Energy efficiency has become such a common goal for new construction these days that it’s easy to forget that not every building is perfectly made, and that fixing problems that reduce a building’s efficiency after the construction work is mostly completed can be an expensive, lengthy process.
The Department of Energy estimates that hat 85% of buildings in the U.S. lose 30% to 40% of treated air through duct leaks, which can result in sizable energy costs, ventilation systems that don’t work, and mold and mildew problems.
Hyundai faced this very issue only weeks before the January 2014 scheduled opening of its $200 million, 500,000-sf, six-story U.S. headquarters in Fountain Valley, Calif. That opening was in danger of being delayed for months when excessive leaks were discovered in the structure’s four smoke evacuation shafts and outside air shaft.
Brian Berg, an associate principal with Glumac, the project’s Engineer of Record, notes that the building’s design posed some major challenges. The architect, Gensler, had specified that it didn’t want structural beams in any of the building’s usable space. So where to put those beams was left to the mechanical engineering team.
The decision was made to run beams and conduit through the building’s 8- by 6-foot shafts, which doubled as the building’s air ventilation system because the structure had been designed with no sheet-metal air ducts.
However, all of that metal running through the shafts inevitably poked some holes in them. In addition, not all of the joints in the shafts had been sealed properly. Testing determined that 14,861 cubic-feet-per-minute of air was leaking, or about 20%, well in excess of the 5% limit allowed by building codes.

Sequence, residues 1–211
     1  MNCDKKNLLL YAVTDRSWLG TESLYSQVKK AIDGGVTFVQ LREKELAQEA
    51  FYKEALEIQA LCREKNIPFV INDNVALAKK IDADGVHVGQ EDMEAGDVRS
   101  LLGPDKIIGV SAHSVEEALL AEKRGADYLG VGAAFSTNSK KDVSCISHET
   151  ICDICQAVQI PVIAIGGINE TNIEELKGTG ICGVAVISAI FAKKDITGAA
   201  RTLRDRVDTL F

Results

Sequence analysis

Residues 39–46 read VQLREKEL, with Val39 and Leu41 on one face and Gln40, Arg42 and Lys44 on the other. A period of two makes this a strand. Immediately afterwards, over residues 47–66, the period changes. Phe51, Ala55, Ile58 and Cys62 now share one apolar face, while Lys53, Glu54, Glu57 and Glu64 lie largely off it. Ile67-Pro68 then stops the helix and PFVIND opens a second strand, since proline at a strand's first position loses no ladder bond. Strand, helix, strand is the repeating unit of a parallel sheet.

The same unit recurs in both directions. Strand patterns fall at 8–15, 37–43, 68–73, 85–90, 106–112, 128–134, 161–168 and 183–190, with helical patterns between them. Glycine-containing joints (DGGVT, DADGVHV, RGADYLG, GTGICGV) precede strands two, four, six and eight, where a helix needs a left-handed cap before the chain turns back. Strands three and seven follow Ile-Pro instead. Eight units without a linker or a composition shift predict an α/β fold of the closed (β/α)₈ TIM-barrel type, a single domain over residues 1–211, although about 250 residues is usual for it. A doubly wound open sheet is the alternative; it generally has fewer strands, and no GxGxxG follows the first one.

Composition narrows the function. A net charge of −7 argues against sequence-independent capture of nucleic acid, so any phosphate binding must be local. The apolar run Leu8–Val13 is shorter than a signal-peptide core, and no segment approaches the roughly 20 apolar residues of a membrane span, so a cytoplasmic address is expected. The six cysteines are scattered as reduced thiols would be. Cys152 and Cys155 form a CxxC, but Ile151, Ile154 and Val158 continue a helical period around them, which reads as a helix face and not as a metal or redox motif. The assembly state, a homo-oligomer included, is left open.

“The supervisor on the Building Team was pretty tough,” wasn’t going to sign off on this project until the leakage problem was rectified, recalls Bob Evans, Hyundai’s Senior Project Manager. (Hyundai Amco America was the project’s GC.)
Hyundai shows how the sealant is injected into the shafts. Photo courtesy Hyundai
One solution considered was to build scaffolding inside each shaft in order to seal visible leaks in the interior fiberglass drywall by spraying those walls with rubberized foam. However, that process would have cost up to $1 million and would take months to complete.
Berg says he reached out to Glumac’s other offices around the country, and heard back from its Las Vegas office, which had just solved a leakage problem in a new city center it was working on by using a technology called aeroseal, which seals leaks from the inside of pressurized ductwork.
This product has been around since the mid 1990s, and its development funding had been sponsored by the Department of Energy. Evans says he had heard about it, but thought it was “like snake oil; you know, too good to be true.” But he did some research and found that aeroseal had been effective in sealing bricks and mortar buildings.
AWC, a certified aeroseal contractor, came on board and took a couple of weeks to complete the shafts, at a cost that Evans estimates was less than $150,000. The Building Team opened walls on at least one floor to conduct testing, and found that the leakage had fallen to 808 CFM, or less than 1.1%. A bonus, says Evans, is that the aeroseal sealed around the electrical plates and boxes, too.
The headquarters building was completed on time and opened on schedule. Berg says he’s been recommending aeroseal for other projects ever since, especially for existing buildings that can have a lot of leakage over time but would be difficult to fix.
This is what the shafts look like after the sealant is injected. Photo courtesy Hyundai
A tool measuring the air leakage after the shafts were sealed (less than 1%). Photo courtesy Hyundai